Jazz CD Reviews
Bruce Barth & Steve Wilson – Home – “We Always Swing,” Inc.
Published on May 11, 2010
Bruce Barth & Steve Wilson – Home – “We Always Swing,” Inc. WASJ-1002, 57:06 ****:
(Bruce Barth – piano; Steve Wilson – alto and soprano saxophones)
When is a house not a home? In the case of pianist Bruce Barth and saxophonist Steve Wilson’s live album, Home, a house is a concert venue and a recording location. The duo outing – part of the Columbia, Missouri-based “We Always Swing” Jazz Series – was recorded at Barbara Tellerman and Allyn Sher’s residence during mid-summer 2009. The result is memorable music in an intimate setting that resonates with beauty, collaboration and friendship.
Barth and Wilson’s association goes back to the late 1980s when both arrived in New York City. Since that time they have worked together in each other’s bands and performed alongside each other in other people’s groups. But despite many years of comradeship, Home marks the first time Barth and Wilson have dueted in tandem as musical partners.
The seven pieces selected for this release – three covers and four Barth originals either premiered or written specifically for this presentation – give the show a broad spectrum: familiarity balanced with newness, and fast-paced material offset by slower graceful moments.
Cole Porter’s peppy opener “All Through the Night,” kicks things off. Barth learned this arrangement while he was with Phil Woods and George Robert and uses Woods’ changes and 7/4 meter. Barth and Wilson roll out some splendid harmonics and solos during their extensive exploration of the classy hit. Barth takes full advantage of a Steinway B piano provided for the gathering and contributes much to appreciate during the impromptu escapade while Wilson also finds plenty of space for his rhythmic pacing and sharp melodic turns.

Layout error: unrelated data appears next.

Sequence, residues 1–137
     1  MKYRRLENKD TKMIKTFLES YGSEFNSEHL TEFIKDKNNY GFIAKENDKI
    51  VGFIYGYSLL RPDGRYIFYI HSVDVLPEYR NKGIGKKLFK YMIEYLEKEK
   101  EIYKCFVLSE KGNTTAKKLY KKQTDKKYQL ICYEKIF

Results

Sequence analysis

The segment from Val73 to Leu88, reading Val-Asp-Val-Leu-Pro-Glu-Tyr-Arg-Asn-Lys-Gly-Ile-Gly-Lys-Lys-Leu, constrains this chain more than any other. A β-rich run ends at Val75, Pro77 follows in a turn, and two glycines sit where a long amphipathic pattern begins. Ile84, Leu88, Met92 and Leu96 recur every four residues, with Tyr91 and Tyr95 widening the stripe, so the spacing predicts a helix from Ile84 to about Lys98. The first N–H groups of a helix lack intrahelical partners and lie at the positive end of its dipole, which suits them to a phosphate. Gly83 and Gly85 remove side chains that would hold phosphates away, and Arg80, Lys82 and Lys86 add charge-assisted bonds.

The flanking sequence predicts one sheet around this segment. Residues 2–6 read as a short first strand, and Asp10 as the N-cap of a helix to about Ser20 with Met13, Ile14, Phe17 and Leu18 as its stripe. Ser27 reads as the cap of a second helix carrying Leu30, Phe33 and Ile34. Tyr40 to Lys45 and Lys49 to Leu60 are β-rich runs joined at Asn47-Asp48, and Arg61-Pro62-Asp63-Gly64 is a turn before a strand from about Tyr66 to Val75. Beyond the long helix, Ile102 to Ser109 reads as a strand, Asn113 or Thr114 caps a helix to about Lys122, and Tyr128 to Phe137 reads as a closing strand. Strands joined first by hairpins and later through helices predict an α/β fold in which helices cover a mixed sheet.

On Barth’s “The Ways of the West,” Wilson changes to soprano saxophone, which furnishes a sweeter characteristic that is counterbalanced by Barth’s earnest and earthy keyboard. Barth’s aptly-titled “Keep It Moving!” was penned a few years ago but never used and thankfully not abandoned. Barth commences with rakish, stride-like gambits that fill the brisk tune with spontaneous amiability and Wilson advances a limber, flowing alto sax solo with an internal logic both good-natured and polychromatic. The most gorgeous creation is Barth’s self-possessed “L.C.,” inspired by pianist/composer Laurent Coq. Wilson – again on soprano – enhances the ballad’s slowed-down scenario as he glides atop Barth’s deliberately modest piano chords.
The twosome burst out on an energetic interpretation of Bud Powell’s bebop classic “Wail,” which showcases Barth and Wilson’s vigorous agility, immediacy and imagination. The closer is a modern rendition of “Sweet and Lovely” which holds to the adage “Let’s see what happens.” The outcome is a gradual, spiraling wrap-up that displays Barth and Wilson’s nearly-extrasensory communication and their ability to develop from one theme to another by listening and responding to what the other is doing or going to do.
The controlled live setting has superb sound quality. The high ceilings, the sizable windows, the wooden floor, the large living room and the closely-recorded instruments all help effect a detailed and sympathetic recording. Bob Blumenthal’s equally particular liner notes supply informative behind-the-scenes aspects.
1. All Through the Night
2. The Ways of the West
3. Keep It Moving!
5. Blues Interruptus
7. Sweet and Lovely
— Doug Simpson